You Haven't Learned These Yet

1. If there is two lanes going in your direction, the right lane is the travel lane and the left lane is the passing lane. Let's ponder this difficult situation to avoid all confusion. Driving from point A, the location that you started out from; to point B, the location where you want to end up is called traveling; therefore, you should drive in the 'travel lane', which is the right lane as I stated above.
But, along the way you come upon a car in the travel lane that, of course, is traveling too slow. What to do? If you wish to continue with your speed, then you go into the left lane, which is the passing lane, and pass that car. When you safely clear the car you just passed then you're going to continue traveling; so, guess what? You should get into the right lane to continue your traveling.
To sum up: If you're traveling you should be in the travel lane, and if you're passing you should be in the passing lane. On highways with three or more lanes, the extreme left lane is still the passing lane. In many states passing on the right is lawful also on three or more lanes highways.
All good rules have exceptions:
a. If you're more important than all the other drivers on the highway.
b. If you're always oblivious to the traffic around you. OR
c. If you're just plain stupid.

2. When travelling, whether on a one or more lanes highway, you only get one lane at a time. Stop being such a lazy driver by letting your car drive you. Lazy drivers constantly drive over the line on the left, drift back to the line on the right and back left again . . . especially on curves. Wake up! You only get one lane at a time. Stay in it . . . stop drifting.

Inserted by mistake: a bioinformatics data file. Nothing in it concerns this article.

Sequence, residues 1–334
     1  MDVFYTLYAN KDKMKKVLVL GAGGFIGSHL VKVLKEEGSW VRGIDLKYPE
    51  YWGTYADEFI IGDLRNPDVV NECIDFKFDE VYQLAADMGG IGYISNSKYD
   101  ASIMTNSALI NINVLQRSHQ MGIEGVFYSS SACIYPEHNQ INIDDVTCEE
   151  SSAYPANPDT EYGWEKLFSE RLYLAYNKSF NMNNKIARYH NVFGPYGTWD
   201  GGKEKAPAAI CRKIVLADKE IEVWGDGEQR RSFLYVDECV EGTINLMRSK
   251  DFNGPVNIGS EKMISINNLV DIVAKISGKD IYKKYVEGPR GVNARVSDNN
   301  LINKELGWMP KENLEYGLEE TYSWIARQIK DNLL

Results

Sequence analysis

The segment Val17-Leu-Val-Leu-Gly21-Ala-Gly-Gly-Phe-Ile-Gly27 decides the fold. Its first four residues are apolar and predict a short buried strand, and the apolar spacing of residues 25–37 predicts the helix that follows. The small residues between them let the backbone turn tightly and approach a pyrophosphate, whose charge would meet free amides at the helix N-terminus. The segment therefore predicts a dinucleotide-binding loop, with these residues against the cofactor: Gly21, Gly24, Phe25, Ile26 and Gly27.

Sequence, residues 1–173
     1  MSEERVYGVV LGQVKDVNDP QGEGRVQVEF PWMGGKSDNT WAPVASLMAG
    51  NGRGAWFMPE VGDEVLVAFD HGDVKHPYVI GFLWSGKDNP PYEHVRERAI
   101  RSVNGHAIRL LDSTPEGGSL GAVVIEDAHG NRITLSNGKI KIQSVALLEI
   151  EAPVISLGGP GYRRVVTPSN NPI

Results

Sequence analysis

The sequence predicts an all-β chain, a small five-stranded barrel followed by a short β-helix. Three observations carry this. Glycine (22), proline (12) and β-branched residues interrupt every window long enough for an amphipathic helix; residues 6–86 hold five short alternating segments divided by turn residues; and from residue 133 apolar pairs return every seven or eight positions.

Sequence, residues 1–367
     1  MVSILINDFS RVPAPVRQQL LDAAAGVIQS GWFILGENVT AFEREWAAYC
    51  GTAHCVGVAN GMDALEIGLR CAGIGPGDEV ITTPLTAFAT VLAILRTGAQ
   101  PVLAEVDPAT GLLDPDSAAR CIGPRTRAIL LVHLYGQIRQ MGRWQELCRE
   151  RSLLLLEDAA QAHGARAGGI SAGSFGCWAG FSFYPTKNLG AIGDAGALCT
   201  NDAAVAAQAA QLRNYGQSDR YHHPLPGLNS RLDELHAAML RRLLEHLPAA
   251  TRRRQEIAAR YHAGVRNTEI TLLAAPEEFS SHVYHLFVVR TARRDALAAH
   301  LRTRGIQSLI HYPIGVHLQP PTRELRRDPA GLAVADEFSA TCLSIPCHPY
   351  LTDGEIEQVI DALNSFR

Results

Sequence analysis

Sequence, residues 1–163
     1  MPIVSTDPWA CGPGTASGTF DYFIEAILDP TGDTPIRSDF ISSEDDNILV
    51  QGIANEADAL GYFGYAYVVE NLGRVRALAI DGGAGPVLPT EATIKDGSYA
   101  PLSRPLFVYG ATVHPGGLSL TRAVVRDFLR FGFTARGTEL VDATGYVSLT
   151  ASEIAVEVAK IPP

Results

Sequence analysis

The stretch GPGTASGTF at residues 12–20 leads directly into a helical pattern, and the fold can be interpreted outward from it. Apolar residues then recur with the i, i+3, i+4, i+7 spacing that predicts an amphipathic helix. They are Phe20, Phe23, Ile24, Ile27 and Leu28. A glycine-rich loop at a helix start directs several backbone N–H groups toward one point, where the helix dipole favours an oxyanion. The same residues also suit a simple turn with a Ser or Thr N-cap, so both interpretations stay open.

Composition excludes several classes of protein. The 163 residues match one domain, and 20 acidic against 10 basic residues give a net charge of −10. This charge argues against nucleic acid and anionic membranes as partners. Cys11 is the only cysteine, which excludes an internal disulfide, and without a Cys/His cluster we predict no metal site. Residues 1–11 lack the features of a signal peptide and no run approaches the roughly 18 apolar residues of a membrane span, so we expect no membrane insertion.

3. The next time you drive into your garage be aware of what it feels like when your car stops moving. Sit there for a moment and allow yourself to feel the lack of movement. That peaceful feeling knowing that another car won't broadside your car and kill you or a member of your family. That's what you should feel at a Stop Sign. Full cessation of movement behind the white line across your lane, time to actually visualize the cross street, other traffic, and then knowing that you will safely get across the intersection. I've seen, thousands of times, where the driver continues past the Stop Sign and stops in the intersection. After the driver sees it's “safe” – continues. If there isn't a Stop Sign on the cross street, that driver won't expect someone to be “parked” in the intersection until it's too late . . . and will broadside you. If you run a Stop Sign don't sit in the middle of the road – get the heck out of there.


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